With the larger corporate firms the relentless push for greater profits and lower costs that is designed to line the pockets of the shareholders; not yours can cause resentment, the wrong (and often conflicting) focus you need and quite honestly burn out!
With the micro-firms the problem is different. Leaders that over-stretched, quite often still billing, they won't delegate to Managers and don't have time to sit down and coach you as a Consultant which often results in your isolation and confusion as you suffer the frustration of deploying the wrong strategy.
2. Lack of innovation
Recruitment has changed people. Because people have changed. We have all adapted to a different digital age. Nobody really likes being sold to. People like to self-serve wherever possible. People buy from people they like and trust and social proof wins. If your recruitment company doesn't have the funds, inclination or brain power to figure this out then you are going the way of Blockbuster as a company. Slowly but surely dying without even knowing it. You'll know this is you are simply reliant on bashing the phones making business development calls or screening candidates from job board applications. I've possibly oversimplified this here but I think you get my thinking. Recruitment is no longer so one-dimensional. Those that understand this have been quietly addressing this - building a more consultative way to do business that benefits their Consultants daily.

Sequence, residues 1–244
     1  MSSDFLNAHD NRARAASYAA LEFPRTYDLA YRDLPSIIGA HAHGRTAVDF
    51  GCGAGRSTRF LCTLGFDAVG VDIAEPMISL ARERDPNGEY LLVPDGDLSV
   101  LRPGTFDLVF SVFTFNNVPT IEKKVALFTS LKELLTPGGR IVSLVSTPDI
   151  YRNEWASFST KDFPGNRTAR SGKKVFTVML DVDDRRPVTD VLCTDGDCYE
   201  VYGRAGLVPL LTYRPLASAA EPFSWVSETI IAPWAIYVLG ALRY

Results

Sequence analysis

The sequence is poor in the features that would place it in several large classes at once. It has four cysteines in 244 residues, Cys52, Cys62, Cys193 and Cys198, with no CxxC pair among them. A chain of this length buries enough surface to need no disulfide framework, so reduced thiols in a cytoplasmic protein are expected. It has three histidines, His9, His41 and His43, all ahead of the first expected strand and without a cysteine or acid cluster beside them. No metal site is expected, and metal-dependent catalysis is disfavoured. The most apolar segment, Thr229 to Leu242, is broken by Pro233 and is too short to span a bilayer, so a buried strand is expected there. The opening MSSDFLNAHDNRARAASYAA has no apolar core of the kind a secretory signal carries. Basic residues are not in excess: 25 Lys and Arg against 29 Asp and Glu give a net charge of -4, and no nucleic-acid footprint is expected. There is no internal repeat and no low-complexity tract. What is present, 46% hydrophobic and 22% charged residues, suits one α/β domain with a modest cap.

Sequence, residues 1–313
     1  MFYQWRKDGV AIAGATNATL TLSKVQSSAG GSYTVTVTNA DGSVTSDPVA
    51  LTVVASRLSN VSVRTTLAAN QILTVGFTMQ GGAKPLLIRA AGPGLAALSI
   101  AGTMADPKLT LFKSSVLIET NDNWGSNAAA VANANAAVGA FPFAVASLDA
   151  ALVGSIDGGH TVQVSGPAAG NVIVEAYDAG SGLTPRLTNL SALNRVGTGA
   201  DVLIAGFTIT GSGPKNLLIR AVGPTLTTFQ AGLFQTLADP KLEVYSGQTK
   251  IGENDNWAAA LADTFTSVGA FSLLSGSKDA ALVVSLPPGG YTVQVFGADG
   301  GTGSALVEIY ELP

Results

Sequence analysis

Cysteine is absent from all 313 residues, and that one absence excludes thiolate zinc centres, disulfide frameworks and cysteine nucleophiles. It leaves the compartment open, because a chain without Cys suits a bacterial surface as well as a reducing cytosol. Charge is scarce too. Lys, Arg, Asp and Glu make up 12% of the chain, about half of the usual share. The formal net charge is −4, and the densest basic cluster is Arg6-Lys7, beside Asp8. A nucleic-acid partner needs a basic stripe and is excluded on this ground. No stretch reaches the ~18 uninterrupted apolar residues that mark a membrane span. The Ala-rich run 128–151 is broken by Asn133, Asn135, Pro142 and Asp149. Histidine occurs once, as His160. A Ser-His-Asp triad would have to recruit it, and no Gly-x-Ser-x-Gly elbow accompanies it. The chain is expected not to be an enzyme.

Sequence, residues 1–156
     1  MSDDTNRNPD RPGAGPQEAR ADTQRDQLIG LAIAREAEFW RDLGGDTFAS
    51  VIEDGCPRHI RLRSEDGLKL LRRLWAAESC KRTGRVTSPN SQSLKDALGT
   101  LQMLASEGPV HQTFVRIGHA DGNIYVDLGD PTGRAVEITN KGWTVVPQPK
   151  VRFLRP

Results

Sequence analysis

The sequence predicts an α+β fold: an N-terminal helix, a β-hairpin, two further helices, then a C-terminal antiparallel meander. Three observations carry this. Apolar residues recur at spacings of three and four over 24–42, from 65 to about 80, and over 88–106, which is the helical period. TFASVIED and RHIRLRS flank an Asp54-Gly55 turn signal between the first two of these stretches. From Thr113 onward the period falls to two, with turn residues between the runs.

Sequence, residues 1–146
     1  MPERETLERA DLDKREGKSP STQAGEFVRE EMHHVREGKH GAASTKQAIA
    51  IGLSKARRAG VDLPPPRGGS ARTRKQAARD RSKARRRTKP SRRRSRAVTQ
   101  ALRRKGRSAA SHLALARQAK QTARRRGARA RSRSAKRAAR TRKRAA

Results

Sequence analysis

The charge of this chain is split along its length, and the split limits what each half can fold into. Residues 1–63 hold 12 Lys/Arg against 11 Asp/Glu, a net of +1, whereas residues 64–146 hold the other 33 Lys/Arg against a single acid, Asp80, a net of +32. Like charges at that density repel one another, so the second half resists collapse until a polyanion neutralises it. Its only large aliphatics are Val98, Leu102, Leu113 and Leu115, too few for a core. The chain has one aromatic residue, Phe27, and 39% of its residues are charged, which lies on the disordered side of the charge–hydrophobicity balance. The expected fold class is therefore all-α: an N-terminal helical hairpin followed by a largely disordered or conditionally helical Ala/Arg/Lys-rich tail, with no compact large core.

3. Lack of resources
There has never been a better time to take advantage of technology in recruitment. The good tech is the sort that helps you build trust with clients and candidates, identify who is interested in a career change before the rest of the market knows, monitors candidate and client activity and alerts you to their next anticipated move.
If you're working with a clunky CRM that hinders rather than helps, limited advertising budget, zero client entertainment and events and low tech innovation you are unfortunately always going to suffer and will have to rely on your efforts alone to drive your desk forwards. You're swimming against the tide instead of with it and at some point you will run of out of energy.